Unless Puerto Rico’s political status is permanently solved all else will be like "whistling in the wind"; and the winds are changing globally and changing rapidly, especially in Washington. Federal deficits will continue to place limitations on discretionary appropriations and spending. The ongoing war against terrorism will also create additional pressure to reduce the rate of growth in nondefense discretionary spending.

Puerto Rico is already experiencing the trend of reduced federal expenditures for corporate welfare programs, such as the elimination of tax incentives under Internal Revenue Code Section 936.

A new world order

The world order has changed and Puerto Rico can no longer economically afford not to make a decision regarding its political future.

The temporary tactics initiated either in Washington, D.C. or in Puerto Rico, which have characterized the island’s economic development strategies in the past, only serve to satisfy short-term economic needs and are no longer viable.

Economic development strategies based on temporary tax or fiscal arrangements provided by the U.S. Congress only generate uncertainties due to their provisional nature and limit Puerto Rico’s ability to walk on solid ground. A clear example of this has been the loss of economic tax incentives granted by Congress to Puerto Rico. On Dec. 31, 2005, Puerto Rico’s economic activity tax credit (Section 30A) and possession tax credit (Section 936) are scheduled to expire and there are no new incentives approved to replace them.

Without tax credits, Puerto Rico’s ability to compete in a global economy based on lower wages and labor-intensive operations will be permanently eliminated. The island is already unable to compete with Mexico’s maquiladoras across the U.S. border and the apparel manufacturers in the Dominican Republic. Furthermore, China and its more than 800 million citizens who reside in rural areas and are waiting in line to join the country’s industrial work force have made it nearly impossible for any developed economy to compete for labor-intensive operations.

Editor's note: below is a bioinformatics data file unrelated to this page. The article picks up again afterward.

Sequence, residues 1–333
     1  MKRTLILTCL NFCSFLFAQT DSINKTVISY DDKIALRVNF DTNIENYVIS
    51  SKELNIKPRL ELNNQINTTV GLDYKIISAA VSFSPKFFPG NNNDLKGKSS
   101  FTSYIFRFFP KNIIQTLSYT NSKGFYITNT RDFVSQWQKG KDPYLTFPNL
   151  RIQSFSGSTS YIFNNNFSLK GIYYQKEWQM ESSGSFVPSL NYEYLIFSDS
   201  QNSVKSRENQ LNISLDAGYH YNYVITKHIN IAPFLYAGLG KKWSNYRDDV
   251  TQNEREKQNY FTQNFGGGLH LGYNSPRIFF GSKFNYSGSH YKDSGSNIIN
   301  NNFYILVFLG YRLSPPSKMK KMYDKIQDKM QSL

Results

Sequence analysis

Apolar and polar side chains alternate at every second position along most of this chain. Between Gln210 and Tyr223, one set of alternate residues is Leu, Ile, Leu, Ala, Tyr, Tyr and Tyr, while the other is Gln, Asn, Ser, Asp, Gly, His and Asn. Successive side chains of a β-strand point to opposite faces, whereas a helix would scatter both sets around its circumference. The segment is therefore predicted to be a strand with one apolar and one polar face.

The once competitive advantage provided by a common market and common currency with the U.S. mainland also has been disappearing. In 1992, Canada and Mexico integrated their markets with the U.S. with the enactment of the North America Free Trade Agreement (Nafta). The Central American Free Trade Agreement signed earlier this year, provided for further economic integration between the U.S. and the Central American republics of Costa Rica, El Salvador, Guatemala, Honduras, and Nicaragua. The Dominican Republic is also joining in. These free-trade agreements have created a new impetus toward the completion of the Free Trade Area of the Americas agreement, which will create an open market of 800 million people in the western hemisphere by 2005.

Global and hemispheric changes have altered the rules of the game for Puerto Rico and the island’s existing economic model and political status are unable to compete successfully with open markets and low-wage economies. Puerto Rico’s future economic transformation is based on its political transformation.

The people of Puerto Rico, who are U.S. citizens, are entitled to the same life, liberty, and pursuit of happiness and economic opportunities enjoyed by the citizens who live on the mainland.

Regardless of the status alternative the island finally opts for, Puerto Ricans have the right to look forward to a secure and prosperous economy.

In this edition, the first of 12 issues regarding Puerto Rico’s political status and economic future, CARIBBEAN BUSINESS presents a brief look at the island’s history and economy during the first 50 years of American rule from 1899 to 1950.